Anti-Social Review

Anti-Social: A Way of Life

Review by Karen Bryson 

Reg Travis


This is the forth film of writer/director Reg Traviss. Anti-Social is a story of two brothers Dee ( Gregg Sulkin) an anarchic street artist: Banksy style and Marcus (Josh Meyers) an armed robber part of a ‘smash and grab’ motorcycle gang. It’s loosely based on  real life events. The film coincidently is released at a time where there is still a highly publicised case of a smash and grab gang that targeted a jewelers in London’s famous Hatton Garden only a few weeks ago.



The film has two aspects to it, it looks at the rapid acceleration of Marcus’s childhood friends turned armed robbers criminality, resulting in bloodshed ……. Alongside Dee’s story of resistance from following in the footsteps of what could be seen as his ‘birthright’ as Marcus’ father was also involved in London’s underworld and consequently murdered just after Marcus was born. Dee’s talent as a street artist gives him the opportunity to escape his life in London along with his American model girlfriend (Meghan Markle) living off his brother’s ill-gotten gains into the legitimate art scene in Berlin. Marcus and his criminal ambitions lead him and his gang into activities that are way out of their league. Entering the world of drugs and dealings with rival gang causes no end of horrific consequences.

The two distinct strands of the film intertwine in the final denouement as Dee is faced with a difficult choice….What will he do?


The films slow start, took me off guard a little, but in hindsight Reg allowed the space at the start for us to get to know the characters. Traviss’ film unfolds slowly but picks up in pace and intensity, which in my view is the ideal way to go with this type of film. There was always a sense of impending doom throughout, it all added to the tension. I was wrong footed several times as the twists and turns evolved in an unexpected way.Anti-social Antisocial really delves into the new generation of London’s gangland. It inadvertently  highlights that modern gang culture is a problem built on class and not race. Which is what actually sets this film apart from other films of this genre.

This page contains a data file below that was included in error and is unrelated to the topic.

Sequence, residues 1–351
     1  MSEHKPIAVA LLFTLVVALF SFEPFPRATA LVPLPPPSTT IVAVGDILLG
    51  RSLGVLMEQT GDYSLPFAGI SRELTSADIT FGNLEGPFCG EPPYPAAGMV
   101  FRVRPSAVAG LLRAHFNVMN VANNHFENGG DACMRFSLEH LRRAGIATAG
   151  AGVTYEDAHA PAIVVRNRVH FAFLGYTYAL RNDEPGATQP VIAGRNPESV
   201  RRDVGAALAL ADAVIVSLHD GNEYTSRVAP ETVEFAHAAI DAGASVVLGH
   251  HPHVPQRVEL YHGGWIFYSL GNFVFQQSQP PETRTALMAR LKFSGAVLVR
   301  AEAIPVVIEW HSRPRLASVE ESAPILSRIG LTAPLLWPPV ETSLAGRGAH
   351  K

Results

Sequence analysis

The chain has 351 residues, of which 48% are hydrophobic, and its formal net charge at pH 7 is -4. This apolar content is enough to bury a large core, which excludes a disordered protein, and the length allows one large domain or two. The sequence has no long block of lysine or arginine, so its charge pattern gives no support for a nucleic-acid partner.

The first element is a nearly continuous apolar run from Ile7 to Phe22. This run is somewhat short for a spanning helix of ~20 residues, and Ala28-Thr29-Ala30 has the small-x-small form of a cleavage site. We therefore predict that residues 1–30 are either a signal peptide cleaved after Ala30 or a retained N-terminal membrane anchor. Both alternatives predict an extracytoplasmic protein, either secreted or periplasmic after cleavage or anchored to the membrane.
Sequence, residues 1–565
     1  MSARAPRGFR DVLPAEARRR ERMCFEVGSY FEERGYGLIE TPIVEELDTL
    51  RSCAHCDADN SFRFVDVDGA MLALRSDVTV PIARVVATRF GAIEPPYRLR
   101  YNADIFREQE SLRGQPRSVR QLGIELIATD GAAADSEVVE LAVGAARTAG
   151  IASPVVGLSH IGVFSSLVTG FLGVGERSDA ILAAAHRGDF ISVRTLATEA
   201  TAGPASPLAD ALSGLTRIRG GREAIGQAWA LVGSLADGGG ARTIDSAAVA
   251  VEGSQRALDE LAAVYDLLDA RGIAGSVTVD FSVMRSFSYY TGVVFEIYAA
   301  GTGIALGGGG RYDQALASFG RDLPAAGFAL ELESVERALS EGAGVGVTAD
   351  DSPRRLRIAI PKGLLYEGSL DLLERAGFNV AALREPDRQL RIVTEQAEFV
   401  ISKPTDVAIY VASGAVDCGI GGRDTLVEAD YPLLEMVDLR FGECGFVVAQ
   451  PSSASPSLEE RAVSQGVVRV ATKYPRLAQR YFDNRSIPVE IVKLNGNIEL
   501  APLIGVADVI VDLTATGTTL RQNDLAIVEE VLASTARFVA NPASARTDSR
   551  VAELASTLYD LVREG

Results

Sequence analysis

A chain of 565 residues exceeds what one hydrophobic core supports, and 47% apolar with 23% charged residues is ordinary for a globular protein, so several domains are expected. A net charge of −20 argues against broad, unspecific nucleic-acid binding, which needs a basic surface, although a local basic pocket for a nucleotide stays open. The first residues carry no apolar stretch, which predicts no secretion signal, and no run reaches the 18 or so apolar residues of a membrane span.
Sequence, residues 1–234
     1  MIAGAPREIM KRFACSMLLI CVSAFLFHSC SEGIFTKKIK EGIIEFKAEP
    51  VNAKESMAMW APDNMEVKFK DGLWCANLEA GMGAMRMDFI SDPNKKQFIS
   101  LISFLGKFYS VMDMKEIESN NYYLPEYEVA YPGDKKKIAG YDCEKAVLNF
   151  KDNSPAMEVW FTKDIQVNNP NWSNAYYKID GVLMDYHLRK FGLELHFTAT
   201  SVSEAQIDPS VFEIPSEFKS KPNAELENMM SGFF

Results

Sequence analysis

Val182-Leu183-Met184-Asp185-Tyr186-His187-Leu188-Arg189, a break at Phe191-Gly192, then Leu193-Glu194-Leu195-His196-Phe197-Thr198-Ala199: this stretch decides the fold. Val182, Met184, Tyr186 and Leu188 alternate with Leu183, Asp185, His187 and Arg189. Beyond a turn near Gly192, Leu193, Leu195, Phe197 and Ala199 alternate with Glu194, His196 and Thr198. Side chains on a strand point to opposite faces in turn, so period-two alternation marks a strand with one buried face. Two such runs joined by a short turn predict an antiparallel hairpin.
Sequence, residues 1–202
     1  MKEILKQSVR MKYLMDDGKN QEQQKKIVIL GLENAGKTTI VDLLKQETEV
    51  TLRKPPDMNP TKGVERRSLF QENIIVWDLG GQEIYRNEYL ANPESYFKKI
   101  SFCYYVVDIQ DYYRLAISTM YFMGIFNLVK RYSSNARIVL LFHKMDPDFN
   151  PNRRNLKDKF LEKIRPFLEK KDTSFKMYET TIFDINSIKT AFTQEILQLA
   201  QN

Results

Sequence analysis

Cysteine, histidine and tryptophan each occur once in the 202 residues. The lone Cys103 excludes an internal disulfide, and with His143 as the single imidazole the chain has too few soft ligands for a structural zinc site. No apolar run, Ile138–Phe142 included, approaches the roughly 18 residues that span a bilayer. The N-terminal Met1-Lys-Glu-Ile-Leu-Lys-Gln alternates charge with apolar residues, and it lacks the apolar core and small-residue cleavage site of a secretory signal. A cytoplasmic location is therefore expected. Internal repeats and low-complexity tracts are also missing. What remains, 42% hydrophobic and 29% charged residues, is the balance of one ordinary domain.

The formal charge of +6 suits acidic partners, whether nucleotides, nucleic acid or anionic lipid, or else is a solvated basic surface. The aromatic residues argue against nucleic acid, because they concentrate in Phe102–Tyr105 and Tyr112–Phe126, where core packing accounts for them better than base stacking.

The film is stylishly shot and edited, especially the smash and grab sequences. There are some moments of cinematic genius. However, for a London based film there are a number of exterior shots which clearly aren’t London. As a consequence, it was in fear of undermining the feel of the film.

The soundtrack brilliantly aids story telling throughout, with tracks by Drew McConnell (Baby Shambles), Itch and Giggs. Skepta successfully adding his skills to the mix.

If a British heist movie is your thing…. then this is for you.

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